Adobe put out a press release to announce that Creative Suite 4 is now shipping. Super!
Ever since the release of firmware 1.11 for the Sony EX1, there’s been some hubbub in the community about support for third party memory cards, as an alternative to the very expensive SXS cards from Sony and Sandisk.
There’s a great thread at DVInfo with lots of real world results about what works and what doesn’t. Shockingly, it seems like the best combo right now is a Kensington expresscard media reader combined with some Sandisk SDHC cards. So, instead of $850 for a 16gig sony SXS, you can drop $65 for a 16gig SDHC card and be on your way. Read the thread to find out the pros and cons – it’s not all puppies and rainbows, but very nearly…
ProVideoCoalition has some shots from a little Sony show out in CA. One of the interesting things is the Nipros rig for the Sony EX3. I’d heard a bit of discussion about this rig in the past, but hadn’t seen any shots.
If you’re familiar with the Camplex line of products, it’s very similar – a little box that muxes together a bunch of connections, spews it down fiber, and another box that demuxes it at the other end.
You get intercom, return video and remote control, plus an HD-SDI feed. There aren’t enough specs out yet to really evaluate the product, but it could be pretty interesting. Sony says $29k will get you an EX3 + the rig, though perhaps you’d want to drop another $15k for a nicer lens.
As promised, I’m posting some sample code for converting from DFXP to SCC. Actually, the SCC generated is contained in a class (captionConvertClass.php) independent of the DFXP parsing. To use it, all you do is:
$myClass = new captionConvert(startingTimecode);
$finishedCaptions = $myClass->outputCaptions();
the “startingTimecode” item is somewhat important. Quicktime files can have timecode tracks that don’t start at zero, but DFXP captions are always relative to a 00:00:00.00 start time. So, if the timecode track of your movie begins at 01:00:00:00 (as any file coming out of FCP will) but your DFXP file starts at 00:00:00.00, you need to let the convertor know so that it adds the right times.
Otherwise, it’s pretty simple and pretty basic. There are lots of things it doesn’t do (scc formating, proper Drop Frame handling, foreign characters, etc). But at least it’s a start. If you want to see conversion done right, look at SCC Tools, which is much more feature complete, at the expense of being much more complicated and … perl.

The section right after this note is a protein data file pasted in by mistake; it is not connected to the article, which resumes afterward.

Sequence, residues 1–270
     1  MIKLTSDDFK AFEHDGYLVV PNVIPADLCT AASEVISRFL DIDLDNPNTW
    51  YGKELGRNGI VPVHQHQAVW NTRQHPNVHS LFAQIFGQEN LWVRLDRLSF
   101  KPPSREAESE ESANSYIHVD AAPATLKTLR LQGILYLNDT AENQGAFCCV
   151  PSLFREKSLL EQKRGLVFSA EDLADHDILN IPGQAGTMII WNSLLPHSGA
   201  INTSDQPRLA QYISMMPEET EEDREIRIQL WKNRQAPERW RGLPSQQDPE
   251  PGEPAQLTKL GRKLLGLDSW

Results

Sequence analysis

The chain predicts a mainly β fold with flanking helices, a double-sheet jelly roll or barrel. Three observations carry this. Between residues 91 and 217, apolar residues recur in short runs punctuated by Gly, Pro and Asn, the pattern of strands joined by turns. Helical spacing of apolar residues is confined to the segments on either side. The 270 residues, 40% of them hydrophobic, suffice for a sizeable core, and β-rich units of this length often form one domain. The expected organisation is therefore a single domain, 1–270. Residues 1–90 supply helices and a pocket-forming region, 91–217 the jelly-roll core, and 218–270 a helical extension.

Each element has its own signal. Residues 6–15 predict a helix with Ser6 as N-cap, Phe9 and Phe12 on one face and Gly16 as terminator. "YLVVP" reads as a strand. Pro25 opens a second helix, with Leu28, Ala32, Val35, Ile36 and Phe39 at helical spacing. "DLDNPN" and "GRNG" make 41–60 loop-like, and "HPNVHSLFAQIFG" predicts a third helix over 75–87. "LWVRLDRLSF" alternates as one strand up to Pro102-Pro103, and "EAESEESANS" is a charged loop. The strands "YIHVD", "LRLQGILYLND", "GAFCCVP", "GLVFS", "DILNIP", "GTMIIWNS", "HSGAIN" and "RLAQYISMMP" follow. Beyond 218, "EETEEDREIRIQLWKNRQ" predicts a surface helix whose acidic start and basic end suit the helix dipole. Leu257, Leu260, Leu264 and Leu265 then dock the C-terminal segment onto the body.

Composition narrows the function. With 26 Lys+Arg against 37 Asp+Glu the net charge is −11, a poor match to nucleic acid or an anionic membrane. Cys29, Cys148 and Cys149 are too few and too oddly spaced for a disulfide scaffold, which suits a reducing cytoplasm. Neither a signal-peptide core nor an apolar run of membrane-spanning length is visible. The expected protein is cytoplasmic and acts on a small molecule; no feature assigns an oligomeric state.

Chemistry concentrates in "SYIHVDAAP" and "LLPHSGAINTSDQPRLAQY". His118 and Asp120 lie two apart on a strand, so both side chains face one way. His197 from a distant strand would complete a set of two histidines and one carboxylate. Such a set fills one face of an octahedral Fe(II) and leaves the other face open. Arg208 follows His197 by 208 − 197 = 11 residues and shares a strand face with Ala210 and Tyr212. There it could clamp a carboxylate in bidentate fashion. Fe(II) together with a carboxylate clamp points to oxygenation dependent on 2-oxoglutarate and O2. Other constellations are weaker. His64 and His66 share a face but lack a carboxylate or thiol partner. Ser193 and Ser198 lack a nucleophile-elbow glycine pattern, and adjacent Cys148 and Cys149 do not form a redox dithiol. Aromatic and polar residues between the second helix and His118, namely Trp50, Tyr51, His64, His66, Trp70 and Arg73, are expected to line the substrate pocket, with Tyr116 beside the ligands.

captionConvert.phps (sample dfxp parsing)
captionConvertClass.phps (plain text -> scc conversion)
TUAW is reporting that Techspansion is shutting its door and, thusly, killing off VisualHub. That’s a big loss for video conversion on the mac platform. Hopefully someone will come along to fill their shoes. Bummer.
The recently released Quicktime 7.5.5 update brings back the ability to display the 1080i H.264 files generated by the Sanyo Xacti HD1000. Nifty!
There’s a lot of misinformation on the net about how to do proper Quicktime captioning using Compressor. Here’s the deal.
To start with – Compressor 3.0.4 can caption MPEG-2 files, as well as MOV and M4V files. When it first shipped, it could only deal with MPEG-2, and some sources haven’t been updated to reflect the additional formats. That means, you can add a proper closed captioning track to a quicktime movie, and have it playable on an iPhone or Apple TV, etc.
Next, the captions must be in the Scenarist Closed Caption (SCC) format. This is a really funky format, as my recent rants have attested. The definitive site on the format is that of the SCC Tools project. There’s not a ton of other information out there, as much of the spec is locked up in a design document that’ll run you $170.
I believe the commercial MacCaption application will output SCC, as will a handful of other applications. Next week, I’ll post some sample code for converting DFXP (flash) captions into SCC.
So, to get started, open Compressor and add your video. Highlight the background space of your imported video and then click the “additional information” tab.
Now, select “choose” at the top and point to your SCC file. Click save at the bottom of the pane.
Now you just need to pick your preset (again, any mpeg-2, mov or m4v preset) and submit the job as per usual.
If you were going to pick a format for closed captions in the year 2008, would you a) choose and easy to use, xml-based, human readable, machine parse-able format, or would you b) choose a format that uses 7bit hex values with 1bit parity, in two byte chunks with machine level control codes (clear buffer, move cursor, etc) and make it a proprietary format that costs $170 for the spec?
If you selected b), you might be Apple!
Ugh. Scenarist captions. Brain hurt.
I’ll do a bigger post about how to properly do captions with Compressor before too long. As soon as I get done writing a DFXP->SCC parser. Woot.